This generalizes far beyond fixing houses. When a group of students were asked for estimates for when they thought they would complete their personal academic projects,

  • 13% of subjects finished their project by the time they had assigned a 50% probability level;
  • 19% finished by the time assigned a 75% probability level;
  • and only 45% finished by the time of their 99% probability level.

As Buehler et al. wrote, “The results for the 99% probability level are especially striking: Even when asked to make a highly conservative forecast, a prediction that they felt virtually certain that they would fulfill, students’ confidence in their time estimates far exceeded their accomplishments.”

Humans planning things envision everything going according to their plan, with no unforeseen delays: exactly the same as if you ask them for a best-case estimate, in fact. In real life, what happens is somewhat worse than the worst-case estimate.

There are some useful debiasing techniques for combating the planning fallacy. The most useful of these is to utilize the outside view instead of the inside view: to consider how similar projects have gone in the past, instead of considering all the specific details of this particular project. (Considering specific details drives up inaccuracy.)

I’ve used this technique often, but in this particular circumstance, I couldn’t. While I’d done every individual thing that would need to be done to finish this house before, I had never done all of them in sequence.

Considering this problem, you might advise me to ask someone who had done whole houses before. I have easy access to such a person, in fact. The issue with this solution is that this person always makes overly optimistic estimates for how long it’s going to take to complete projects.

You would think her experience would make it easier for her to take the outside view, to consider this house in the context of all the other houses she had fixed. This doesn’t happen, so what gives?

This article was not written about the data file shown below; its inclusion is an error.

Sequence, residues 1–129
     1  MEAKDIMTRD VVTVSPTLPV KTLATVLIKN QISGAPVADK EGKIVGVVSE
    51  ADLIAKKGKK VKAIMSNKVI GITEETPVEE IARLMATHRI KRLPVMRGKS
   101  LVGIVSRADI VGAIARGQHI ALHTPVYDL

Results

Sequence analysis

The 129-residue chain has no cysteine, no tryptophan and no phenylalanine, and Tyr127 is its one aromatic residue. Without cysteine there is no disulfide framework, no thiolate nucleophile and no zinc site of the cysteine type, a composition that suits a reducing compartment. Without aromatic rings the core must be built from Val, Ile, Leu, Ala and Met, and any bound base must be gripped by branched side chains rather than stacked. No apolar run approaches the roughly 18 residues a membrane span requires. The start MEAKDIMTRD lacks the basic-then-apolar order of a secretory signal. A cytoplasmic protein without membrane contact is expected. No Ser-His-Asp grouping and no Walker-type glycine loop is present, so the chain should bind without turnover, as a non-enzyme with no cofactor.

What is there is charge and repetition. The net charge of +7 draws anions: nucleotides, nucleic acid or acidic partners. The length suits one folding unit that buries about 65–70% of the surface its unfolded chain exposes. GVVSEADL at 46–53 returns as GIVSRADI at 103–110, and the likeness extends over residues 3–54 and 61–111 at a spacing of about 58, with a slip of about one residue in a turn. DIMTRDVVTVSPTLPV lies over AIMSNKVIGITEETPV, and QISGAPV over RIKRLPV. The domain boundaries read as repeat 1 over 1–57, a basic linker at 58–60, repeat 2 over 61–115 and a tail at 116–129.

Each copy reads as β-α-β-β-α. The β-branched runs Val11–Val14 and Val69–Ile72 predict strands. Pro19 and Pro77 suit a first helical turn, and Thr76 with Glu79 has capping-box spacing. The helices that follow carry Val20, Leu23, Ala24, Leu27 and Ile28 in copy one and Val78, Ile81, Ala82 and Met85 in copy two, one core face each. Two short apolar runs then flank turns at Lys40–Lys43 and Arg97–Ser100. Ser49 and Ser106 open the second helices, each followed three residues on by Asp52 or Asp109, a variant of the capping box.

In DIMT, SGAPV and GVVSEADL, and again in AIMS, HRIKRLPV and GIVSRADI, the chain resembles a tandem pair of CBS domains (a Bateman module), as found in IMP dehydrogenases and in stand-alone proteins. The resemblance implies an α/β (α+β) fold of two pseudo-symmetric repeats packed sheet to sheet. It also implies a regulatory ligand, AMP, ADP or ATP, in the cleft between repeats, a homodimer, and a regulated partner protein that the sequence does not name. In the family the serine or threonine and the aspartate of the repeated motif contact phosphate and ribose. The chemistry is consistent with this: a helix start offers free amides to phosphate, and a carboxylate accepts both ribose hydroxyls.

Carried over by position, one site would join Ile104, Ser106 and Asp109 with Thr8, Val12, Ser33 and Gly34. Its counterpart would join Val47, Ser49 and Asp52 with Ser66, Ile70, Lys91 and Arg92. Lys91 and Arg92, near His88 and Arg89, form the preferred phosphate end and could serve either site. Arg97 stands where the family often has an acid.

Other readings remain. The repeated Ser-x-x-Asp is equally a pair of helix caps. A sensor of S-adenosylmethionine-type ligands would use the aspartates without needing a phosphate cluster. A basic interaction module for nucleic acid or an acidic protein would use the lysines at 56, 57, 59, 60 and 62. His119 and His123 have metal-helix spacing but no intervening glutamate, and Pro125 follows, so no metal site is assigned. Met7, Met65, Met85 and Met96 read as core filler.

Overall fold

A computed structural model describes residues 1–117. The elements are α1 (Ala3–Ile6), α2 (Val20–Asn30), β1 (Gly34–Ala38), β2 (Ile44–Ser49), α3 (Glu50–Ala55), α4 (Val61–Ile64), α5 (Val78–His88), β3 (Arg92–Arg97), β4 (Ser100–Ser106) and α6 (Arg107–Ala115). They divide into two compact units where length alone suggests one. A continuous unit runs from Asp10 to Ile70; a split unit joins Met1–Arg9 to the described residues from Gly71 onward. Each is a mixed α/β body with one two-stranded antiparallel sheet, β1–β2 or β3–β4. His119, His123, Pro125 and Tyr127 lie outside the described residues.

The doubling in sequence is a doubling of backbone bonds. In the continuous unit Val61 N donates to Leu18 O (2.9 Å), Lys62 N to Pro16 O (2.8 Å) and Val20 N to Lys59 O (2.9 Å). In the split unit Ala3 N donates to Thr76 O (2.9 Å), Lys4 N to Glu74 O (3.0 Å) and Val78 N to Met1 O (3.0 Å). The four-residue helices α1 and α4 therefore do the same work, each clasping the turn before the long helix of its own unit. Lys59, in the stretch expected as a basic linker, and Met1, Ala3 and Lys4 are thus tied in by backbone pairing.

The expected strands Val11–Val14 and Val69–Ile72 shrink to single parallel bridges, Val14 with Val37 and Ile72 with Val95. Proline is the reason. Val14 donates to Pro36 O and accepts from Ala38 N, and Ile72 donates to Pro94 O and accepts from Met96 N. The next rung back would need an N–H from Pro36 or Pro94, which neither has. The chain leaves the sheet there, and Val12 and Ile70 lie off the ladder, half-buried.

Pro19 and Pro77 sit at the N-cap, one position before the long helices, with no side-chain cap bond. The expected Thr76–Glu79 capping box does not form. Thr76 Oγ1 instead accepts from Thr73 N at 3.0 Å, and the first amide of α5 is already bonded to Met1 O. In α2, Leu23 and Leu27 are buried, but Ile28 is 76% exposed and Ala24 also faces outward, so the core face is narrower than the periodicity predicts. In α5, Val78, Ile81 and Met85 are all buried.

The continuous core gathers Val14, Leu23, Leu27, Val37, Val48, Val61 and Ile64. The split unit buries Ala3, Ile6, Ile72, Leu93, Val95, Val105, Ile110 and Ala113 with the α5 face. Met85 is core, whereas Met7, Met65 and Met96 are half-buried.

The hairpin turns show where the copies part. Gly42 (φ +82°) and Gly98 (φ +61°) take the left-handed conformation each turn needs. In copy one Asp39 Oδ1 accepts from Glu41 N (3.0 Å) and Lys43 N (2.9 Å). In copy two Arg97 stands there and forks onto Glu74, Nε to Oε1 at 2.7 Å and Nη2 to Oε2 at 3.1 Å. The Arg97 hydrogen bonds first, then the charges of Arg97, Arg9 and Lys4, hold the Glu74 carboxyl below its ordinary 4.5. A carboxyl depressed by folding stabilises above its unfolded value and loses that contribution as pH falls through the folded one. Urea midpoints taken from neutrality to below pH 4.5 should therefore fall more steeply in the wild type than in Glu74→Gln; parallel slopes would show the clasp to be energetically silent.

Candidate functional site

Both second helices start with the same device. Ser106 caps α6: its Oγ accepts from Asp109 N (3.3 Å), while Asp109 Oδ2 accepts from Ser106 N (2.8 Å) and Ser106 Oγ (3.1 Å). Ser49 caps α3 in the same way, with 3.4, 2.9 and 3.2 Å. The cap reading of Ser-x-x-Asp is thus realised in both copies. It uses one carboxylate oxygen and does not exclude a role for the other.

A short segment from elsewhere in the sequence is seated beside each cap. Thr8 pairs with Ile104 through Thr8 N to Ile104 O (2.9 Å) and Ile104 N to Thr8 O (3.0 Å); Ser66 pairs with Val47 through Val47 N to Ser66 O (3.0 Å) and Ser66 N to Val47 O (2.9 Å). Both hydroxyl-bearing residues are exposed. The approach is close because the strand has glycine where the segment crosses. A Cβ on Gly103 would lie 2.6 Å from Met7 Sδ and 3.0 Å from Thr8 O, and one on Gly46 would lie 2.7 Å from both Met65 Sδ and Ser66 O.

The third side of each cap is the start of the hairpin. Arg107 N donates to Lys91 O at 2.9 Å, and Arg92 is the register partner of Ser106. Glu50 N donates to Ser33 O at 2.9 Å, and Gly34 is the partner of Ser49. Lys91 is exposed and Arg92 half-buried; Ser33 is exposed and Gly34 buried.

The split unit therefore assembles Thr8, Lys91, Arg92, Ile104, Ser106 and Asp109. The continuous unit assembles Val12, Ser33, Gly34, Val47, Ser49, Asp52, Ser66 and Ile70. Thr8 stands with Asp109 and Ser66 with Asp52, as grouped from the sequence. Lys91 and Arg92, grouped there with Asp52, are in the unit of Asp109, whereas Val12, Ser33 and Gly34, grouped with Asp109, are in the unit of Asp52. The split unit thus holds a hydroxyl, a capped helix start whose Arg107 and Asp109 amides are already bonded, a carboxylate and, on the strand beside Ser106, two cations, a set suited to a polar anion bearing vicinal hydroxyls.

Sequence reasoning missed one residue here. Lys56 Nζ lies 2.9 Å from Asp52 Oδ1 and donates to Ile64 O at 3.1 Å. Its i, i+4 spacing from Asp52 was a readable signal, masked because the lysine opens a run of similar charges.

Roy et al. propose a reason: “People base predictions of future duration on their memories of how long past events have taken, but these memories are systematic underestimates of past duration. People appear to underestimate future event duration because they underestimate past event duration.”

In light of all this, my best course of action, whenever I cannot take an outside view myself, is to take my normal (= optimistic) estimate and triple it.

I made that three-week time estimate around the first of June. Today is the 16th, and I’m finishing the last of the work today.

This whole situation, like the planning fallacy in particular, is generalizable. Learning about cognitive psychology, and the persistent flaws in all human brains, is oftentimes more useful for coming up with correct answers than experience.

You might not think that the tactics for “how to not be stupid” would be as generalizable to every field as they are. Each field has its own tips and tricks, its own separate toolbox, carpentry is not like neurosurgery is not like musical composition… But we are all human brains, us carpenters and neurosurgeons and composers, and we are all using the same flawed circuitry generated by the same optimization process. Here, as in planning, the special reasons why each field is different detract from an accurate conclusion.

Knowing about one cognitive bias produced a better time estimate than thirty years of experience in the field. Rationality does not always produce such a large improvement, but it does prevent humans from making the types of stupid mistakes we are prone to. In my personal opinion, if a decision is worth making, it is worth making rationally.

What Is the “Wage Gap”, Anyway?

“For every dollar a man makes, a woman makes 77¢.” You’ve probably heard this statistic thrown around before. But what, really, does it mean? For a statistic we use to benchmark the “wage gap”, it’s a shockingly broad statement. Well, as it turns out, this statistic is legitimate, and it does demonstrate a significant problem with sexism in the modern world – but it doesn’t mean what you think it does.

Growing up, I always knew I wanted to do something big with my life. From fairly early, I was clear on what, though I wasn’t always clear on how (my idea of how to accomplish my goal at age 6 was to take over the country of Australia – how I thought this would help, I no longer remember). Over time, as I grew up, my ideas crystallized into an actual goal: I would become a successful technology startup founder.

Even so, there was always this discontent looming in my head. Being assigned female at birth, I had heard all the horror stories about the ways the patriarchy made womens’ lives hell, in and out of the workplace. And as a person who wanted in particular to make a ton of money, that “77¢ on the dollar” statistic haunted me. If only I’d been born male, I thought, I would be able to make almost 30% more money! For several months in my teens, I seriously considered making a medical transition in order to up my earning potential.

Except, no. Because that isn’t actually how it works.

According to my previous model of the world, the 77¢ thing applied across the board: a woman working any job would make 23% less than a man working the same job, always, in every industry. So a female teacher would make less than a male one, and a female software engineer would also make less than a male one.